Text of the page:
The 798 Art Zone is Beijing’s hip neighborhood for avant-garde art. The 798 Art Zone is Beijing’s ground zero for new, iconoclastic ideas and expression, sort of like a Beijing version of Greenwich Village.
Explore Beijing's unique street food and have your mouth ready for the challenge.
Make your own dumplings, cook and eat them. You are becoming a Beijinger.
Stay with a family for grocery shopping and cook for lunch. Real life of Beijingers.
Experience making the pottery in a local workshop, and see if you can be a master.
Beijing is big. It's hard to ride a bike to tour from place to place. Renting a scooter is a good idea.
Bike tour to Beijing's hutong - easy to go and stop with chances to talk to locales.
Not just learn Chinese calligraphy, but also the Yin-yang theory behind it .
One-hour Taichi learning from Master Michelle who's been teaching Taichi for over 10 years.
Make clay-colored sculpture handicraft with images from Beijing Opera and old customs.
Say something interesting about your business here.
You may consider going to Gubei Watertown to spend a night and see the Great Wall lit-up at Simatai. The unbelievable beauty of the Wall at night with lights to decorate should impress you.
You may leave Beijing in the afternoon. Spend 2 hours in Watertown. Enjoy dinner, then take the cable car to go up Tower #2. From there, you will find the Wall wired with lights up to three watchtowers. The stunning nightscape of Simatai Great Wall of the Wall looks vividly like a firing dragon.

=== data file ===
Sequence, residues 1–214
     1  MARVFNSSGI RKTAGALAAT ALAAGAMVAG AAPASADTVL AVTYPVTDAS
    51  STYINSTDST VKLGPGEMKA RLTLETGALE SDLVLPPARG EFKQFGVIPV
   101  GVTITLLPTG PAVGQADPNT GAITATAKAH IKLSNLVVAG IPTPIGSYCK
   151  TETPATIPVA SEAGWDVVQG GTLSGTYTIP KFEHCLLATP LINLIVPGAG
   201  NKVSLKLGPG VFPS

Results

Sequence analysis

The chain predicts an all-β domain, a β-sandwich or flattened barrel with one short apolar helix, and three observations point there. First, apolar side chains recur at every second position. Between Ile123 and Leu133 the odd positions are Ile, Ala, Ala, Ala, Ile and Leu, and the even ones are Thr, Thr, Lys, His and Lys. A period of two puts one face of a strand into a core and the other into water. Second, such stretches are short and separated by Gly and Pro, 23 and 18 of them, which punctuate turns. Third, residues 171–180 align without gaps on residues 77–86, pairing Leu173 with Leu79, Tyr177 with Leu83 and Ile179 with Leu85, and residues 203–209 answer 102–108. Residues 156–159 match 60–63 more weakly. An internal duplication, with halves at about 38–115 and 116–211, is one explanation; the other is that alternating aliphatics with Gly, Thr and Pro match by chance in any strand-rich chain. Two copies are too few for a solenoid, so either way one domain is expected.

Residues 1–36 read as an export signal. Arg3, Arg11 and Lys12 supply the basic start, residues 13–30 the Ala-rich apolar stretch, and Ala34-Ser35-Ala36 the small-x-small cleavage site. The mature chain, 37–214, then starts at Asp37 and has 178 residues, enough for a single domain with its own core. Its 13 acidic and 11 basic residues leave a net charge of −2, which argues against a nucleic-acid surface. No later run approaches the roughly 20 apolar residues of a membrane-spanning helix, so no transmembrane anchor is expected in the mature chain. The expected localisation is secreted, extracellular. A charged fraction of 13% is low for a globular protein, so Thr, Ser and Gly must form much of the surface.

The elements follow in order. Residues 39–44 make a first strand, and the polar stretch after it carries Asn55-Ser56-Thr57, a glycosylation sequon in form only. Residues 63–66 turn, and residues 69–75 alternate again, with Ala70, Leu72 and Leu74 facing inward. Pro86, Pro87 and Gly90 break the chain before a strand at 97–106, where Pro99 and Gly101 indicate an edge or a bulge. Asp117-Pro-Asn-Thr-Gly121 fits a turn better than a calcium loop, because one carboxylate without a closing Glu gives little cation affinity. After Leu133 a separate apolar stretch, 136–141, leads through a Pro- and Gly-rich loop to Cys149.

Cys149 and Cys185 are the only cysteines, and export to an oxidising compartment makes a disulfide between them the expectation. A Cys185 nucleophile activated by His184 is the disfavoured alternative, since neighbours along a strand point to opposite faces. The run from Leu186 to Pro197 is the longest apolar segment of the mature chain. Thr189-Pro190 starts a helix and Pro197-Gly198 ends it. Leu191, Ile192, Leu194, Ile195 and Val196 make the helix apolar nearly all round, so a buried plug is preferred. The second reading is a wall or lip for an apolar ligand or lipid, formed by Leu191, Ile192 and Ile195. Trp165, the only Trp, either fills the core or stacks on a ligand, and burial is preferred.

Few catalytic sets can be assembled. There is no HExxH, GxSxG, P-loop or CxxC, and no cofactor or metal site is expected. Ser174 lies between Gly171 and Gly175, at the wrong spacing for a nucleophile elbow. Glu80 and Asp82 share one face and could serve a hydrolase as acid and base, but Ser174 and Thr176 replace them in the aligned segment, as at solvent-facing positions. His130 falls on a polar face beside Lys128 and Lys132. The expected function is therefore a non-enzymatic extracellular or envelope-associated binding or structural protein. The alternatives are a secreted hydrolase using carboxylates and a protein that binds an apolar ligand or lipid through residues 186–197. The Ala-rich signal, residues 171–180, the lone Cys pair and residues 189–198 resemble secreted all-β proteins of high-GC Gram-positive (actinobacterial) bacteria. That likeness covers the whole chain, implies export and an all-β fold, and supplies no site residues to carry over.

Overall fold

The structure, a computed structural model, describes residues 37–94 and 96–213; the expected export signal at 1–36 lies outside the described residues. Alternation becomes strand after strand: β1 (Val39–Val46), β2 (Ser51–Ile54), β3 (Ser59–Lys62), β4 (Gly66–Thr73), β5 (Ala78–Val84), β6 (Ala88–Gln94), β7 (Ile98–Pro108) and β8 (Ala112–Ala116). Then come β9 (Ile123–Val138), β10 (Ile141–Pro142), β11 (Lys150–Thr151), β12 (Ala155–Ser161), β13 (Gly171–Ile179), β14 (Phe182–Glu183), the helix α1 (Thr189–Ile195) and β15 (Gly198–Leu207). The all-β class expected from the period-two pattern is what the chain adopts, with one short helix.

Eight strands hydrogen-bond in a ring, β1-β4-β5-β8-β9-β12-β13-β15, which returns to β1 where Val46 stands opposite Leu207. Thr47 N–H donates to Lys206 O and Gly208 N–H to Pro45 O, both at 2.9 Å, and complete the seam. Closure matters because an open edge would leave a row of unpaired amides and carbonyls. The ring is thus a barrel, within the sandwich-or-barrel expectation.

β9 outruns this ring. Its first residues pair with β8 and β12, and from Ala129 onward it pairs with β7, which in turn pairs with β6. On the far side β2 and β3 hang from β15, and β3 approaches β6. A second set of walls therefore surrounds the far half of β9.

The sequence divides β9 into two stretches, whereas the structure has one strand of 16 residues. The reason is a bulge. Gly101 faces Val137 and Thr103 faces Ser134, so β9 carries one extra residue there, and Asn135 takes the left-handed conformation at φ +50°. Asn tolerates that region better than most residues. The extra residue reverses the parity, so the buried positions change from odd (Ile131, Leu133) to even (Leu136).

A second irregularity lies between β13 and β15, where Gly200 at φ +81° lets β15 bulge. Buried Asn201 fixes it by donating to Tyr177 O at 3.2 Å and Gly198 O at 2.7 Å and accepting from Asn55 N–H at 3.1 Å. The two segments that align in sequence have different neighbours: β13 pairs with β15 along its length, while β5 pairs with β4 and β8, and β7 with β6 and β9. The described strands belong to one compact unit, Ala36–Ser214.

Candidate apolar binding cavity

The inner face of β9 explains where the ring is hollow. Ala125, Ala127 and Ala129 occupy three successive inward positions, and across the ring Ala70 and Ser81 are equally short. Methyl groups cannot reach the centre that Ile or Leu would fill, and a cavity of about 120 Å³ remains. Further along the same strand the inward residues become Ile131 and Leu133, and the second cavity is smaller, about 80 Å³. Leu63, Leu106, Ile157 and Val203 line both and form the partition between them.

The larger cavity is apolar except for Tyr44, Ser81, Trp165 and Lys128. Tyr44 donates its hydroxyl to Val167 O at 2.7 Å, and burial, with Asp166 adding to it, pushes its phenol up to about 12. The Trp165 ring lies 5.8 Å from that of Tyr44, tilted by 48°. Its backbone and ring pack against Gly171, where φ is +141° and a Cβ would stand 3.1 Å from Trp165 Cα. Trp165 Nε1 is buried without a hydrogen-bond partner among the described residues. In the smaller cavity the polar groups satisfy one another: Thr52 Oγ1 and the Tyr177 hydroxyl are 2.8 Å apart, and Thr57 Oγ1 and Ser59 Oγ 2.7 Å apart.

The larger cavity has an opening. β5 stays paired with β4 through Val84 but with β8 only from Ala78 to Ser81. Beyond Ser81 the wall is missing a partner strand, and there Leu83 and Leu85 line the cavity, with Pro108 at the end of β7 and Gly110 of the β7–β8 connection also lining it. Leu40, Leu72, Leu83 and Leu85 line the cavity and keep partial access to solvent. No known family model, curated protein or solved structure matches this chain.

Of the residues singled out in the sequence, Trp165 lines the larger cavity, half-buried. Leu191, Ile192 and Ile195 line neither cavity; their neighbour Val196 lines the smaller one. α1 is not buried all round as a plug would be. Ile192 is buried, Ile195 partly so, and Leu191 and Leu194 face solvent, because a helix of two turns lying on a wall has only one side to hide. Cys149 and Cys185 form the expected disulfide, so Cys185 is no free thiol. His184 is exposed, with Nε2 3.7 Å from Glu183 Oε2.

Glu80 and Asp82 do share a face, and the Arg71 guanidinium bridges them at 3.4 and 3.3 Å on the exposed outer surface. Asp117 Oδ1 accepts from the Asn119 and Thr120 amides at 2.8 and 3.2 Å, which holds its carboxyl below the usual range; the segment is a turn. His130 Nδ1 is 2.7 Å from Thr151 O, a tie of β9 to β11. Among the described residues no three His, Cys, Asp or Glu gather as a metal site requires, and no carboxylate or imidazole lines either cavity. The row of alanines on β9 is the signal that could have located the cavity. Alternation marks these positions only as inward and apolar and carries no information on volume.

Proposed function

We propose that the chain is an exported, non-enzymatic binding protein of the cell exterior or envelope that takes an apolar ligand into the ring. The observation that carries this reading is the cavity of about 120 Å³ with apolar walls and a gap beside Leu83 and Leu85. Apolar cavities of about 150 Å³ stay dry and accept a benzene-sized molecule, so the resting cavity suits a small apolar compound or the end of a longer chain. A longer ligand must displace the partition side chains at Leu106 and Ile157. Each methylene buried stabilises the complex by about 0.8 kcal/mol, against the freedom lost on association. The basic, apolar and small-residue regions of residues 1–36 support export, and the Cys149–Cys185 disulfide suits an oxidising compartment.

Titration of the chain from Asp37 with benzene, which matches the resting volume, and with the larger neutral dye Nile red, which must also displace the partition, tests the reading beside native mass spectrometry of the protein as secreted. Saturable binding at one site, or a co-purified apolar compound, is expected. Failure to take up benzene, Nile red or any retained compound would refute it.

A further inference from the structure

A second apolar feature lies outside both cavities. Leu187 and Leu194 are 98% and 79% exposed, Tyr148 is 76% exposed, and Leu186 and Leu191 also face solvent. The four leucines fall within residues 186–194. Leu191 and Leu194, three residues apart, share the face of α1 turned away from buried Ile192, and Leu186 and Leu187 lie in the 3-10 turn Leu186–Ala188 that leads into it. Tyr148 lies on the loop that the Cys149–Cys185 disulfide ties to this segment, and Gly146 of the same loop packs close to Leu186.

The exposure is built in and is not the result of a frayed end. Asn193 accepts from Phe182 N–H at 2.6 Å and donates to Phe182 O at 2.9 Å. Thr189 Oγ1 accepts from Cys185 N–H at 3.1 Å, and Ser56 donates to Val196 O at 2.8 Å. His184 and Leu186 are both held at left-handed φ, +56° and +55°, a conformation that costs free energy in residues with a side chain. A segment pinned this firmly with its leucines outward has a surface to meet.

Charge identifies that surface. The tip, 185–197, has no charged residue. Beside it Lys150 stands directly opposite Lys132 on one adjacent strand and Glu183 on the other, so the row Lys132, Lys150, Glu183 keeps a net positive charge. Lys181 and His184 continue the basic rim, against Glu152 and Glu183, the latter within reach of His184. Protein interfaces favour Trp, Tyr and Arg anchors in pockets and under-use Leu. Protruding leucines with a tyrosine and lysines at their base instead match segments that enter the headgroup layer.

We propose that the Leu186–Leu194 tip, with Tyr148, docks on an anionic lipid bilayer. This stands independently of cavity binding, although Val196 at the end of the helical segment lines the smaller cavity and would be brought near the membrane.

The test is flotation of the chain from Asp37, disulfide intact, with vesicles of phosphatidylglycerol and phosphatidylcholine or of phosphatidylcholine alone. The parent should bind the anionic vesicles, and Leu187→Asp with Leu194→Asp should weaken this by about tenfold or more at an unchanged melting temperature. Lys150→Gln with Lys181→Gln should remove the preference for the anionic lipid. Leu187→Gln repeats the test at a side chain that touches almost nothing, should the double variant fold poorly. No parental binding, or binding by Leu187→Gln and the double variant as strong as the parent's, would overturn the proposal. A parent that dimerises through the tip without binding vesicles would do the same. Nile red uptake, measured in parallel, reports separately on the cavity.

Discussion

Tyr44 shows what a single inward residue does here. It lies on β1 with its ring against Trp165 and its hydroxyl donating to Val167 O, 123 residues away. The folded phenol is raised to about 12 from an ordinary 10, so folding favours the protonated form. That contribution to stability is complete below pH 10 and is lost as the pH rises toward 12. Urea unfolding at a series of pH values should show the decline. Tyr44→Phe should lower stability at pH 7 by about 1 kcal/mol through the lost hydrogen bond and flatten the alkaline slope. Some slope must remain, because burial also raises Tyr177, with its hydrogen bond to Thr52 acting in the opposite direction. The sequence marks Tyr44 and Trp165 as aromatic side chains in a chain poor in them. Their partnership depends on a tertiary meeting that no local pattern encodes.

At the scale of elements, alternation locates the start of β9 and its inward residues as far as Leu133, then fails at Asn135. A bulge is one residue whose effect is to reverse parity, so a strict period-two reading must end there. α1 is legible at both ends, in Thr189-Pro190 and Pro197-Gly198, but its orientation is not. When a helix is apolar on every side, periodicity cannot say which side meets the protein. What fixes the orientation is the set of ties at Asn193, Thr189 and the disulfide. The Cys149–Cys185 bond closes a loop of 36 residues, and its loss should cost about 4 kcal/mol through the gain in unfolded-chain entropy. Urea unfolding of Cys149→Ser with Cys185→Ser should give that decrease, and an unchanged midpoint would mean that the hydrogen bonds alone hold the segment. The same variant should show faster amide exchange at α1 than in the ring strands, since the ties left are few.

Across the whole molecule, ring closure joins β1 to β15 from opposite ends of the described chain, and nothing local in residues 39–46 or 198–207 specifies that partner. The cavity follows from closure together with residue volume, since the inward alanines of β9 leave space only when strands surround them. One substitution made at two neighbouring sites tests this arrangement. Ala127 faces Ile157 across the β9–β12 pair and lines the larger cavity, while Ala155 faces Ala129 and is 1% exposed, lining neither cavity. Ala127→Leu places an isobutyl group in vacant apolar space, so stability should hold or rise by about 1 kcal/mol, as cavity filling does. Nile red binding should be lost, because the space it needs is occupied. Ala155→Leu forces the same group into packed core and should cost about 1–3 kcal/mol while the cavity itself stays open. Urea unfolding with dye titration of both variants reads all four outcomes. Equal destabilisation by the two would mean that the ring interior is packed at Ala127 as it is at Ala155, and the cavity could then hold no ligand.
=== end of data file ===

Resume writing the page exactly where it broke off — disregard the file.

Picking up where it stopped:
Enjoy Beijing's night views featured with the Tiananmen Square, The National Theatre, the Olympic Birds Nest and Water Cube, the streets, the sleepless malls, and bars. We have a full section of Beijing night tours that you may book.
In the long course of development, Chinese acrobatic art has formed its style. The ancient acrobatics stemmed from people's lives and had a close link with their experience and productive labor. Instruments of work like tridents, wicker rings, tables, chairs, jars, plates, and bowls were used in their performances of "Flying Trident," "Balance on Chairs," "Jar Tricks," and "Hoop Diving." Wushu and Lion Dance originated from folk sports and games. All of these acts became commonplace in acrobatic performances throughout China. Though having a long history of development and enjoying great popularity among the people, acrobatics in old China was never performed in theaters because it was looked down upon by the upper class.